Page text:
Fisher, Bracaglia Weigh in on the Future of Regenerative Medicine
Fischell Family Distinguished Professor and Chair John Fisher and Fischell Department of Bioengineering (BIOE) alumna Laurie Bracaglia (Ph.D. '17) offered their takes on the potential for bioprinting to transform the regenerative medicine.
Fisher and Bracaglia were featured on the June 20th edition of Baltimore's National Public Radio station's On the Record program, hosted by Sheila Kast. The full podcast is available online.
"The long-term goal is to try to build replacement tissues to deal with this large need that we have for organ replacement or tissue replacement," Fisher said of 3D bioprinting. "But there is a series of steps that we can take to get to that ultimate goal. One simple step is [to make] models of tissues. If we're creating, let's say, a new cancer therapeutic, and we want to test that therapeutic, we can test it on an engineered tissue - on a bioprinted tissue - that [we can control] in the lab. And, we can use that as an intermediate test while developing the drug. If we want to see how different cell populations work together, or how drugs affect multiple cell populations, we can build these models and investigate those questions."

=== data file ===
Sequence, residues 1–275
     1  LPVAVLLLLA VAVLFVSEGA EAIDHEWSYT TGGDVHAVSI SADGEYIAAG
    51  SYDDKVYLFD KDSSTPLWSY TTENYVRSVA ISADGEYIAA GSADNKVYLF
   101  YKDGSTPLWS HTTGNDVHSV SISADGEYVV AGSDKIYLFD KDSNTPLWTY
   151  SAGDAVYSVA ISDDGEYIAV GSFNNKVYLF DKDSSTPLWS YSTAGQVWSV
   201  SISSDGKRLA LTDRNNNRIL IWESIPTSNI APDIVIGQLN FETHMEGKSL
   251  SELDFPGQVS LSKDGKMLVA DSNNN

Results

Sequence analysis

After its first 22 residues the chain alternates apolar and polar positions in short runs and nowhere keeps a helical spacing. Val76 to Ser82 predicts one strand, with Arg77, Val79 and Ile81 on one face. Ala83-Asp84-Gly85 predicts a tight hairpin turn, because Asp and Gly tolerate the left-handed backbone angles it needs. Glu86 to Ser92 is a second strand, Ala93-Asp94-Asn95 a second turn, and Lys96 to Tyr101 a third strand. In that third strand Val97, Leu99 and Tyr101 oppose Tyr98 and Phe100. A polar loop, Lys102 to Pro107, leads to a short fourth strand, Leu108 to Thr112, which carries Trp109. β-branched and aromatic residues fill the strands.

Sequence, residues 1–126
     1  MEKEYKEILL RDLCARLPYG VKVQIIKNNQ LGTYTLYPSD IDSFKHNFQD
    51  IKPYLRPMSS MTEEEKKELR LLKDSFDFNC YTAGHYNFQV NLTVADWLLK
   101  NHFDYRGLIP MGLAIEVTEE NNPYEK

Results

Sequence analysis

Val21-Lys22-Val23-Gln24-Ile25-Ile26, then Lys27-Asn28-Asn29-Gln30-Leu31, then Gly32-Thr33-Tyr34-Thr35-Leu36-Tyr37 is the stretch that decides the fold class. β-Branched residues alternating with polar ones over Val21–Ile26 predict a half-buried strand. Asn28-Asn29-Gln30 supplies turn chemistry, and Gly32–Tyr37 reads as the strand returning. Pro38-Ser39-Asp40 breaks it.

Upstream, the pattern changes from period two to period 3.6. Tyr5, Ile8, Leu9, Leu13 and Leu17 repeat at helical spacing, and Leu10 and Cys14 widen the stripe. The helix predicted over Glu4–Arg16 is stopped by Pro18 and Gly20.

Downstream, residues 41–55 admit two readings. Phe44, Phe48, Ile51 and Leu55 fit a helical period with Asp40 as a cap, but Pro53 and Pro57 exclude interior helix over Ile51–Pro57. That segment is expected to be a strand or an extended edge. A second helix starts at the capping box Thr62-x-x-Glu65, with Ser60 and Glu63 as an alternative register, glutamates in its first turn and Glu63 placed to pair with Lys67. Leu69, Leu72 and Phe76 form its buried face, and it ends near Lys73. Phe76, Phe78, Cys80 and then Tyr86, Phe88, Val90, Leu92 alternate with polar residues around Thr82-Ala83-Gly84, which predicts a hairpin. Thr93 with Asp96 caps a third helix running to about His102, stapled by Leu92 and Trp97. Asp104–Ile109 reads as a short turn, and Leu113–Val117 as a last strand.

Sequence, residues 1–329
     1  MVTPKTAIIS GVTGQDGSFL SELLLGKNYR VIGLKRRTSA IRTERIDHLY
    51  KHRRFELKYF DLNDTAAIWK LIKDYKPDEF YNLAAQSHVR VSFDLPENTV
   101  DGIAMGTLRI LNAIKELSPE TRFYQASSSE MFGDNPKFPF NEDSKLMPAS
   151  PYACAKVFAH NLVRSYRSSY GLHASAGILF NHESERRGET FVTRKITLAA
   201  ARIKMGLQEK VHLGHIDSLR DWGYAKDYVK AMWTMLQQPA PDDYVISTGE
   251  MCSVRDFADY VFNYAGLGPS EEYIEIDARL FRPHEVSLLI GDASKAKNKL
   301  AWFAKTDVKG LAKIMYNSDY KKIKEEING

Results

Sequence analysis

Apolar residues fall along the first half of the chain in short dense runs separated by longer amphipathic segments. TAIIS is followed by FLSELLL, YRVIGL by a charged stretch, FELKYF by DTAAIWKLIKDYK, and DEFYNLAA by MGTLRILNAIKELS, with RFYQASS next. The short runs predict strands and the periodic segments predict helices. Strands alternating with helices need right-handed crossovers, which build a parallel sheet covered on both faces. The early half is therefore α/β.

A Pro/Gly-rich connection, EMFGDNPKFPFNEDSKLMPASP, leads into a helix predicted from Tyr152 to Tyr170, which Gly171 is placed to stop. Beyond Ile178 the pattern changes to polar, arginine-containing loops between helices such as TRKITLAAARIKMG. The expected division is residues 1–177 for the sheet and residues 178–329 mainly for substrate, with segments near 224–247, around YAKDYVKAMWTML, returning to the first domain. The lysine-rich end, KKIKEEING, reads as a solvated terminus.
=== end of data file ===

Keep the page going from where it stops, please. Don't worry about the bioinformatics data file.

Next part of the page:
"The structural and architectural control that 3D printing [allows] to create a very specific scaffold or vascular graft is exciting," Bracaglia said. "The fact that we can get that structural and architectrual control from a biological material is pretty exciting. I think biological materials derived from animal tissue or from other human tissue, are really strong tools to use for tissue engineering scaffolds. And, if we can use that material in a 3D printer, then we kind of combine the best of both worlds - the biological relevancy and the structural control [offered] from a printer."
Earlier this year, BIOE announced the launch of the NIH-funded Center for Engineering Complex Tissues, in partnership with Rice University and the Wake Forest Institute for Regenerative Medicine.
June 23, 2017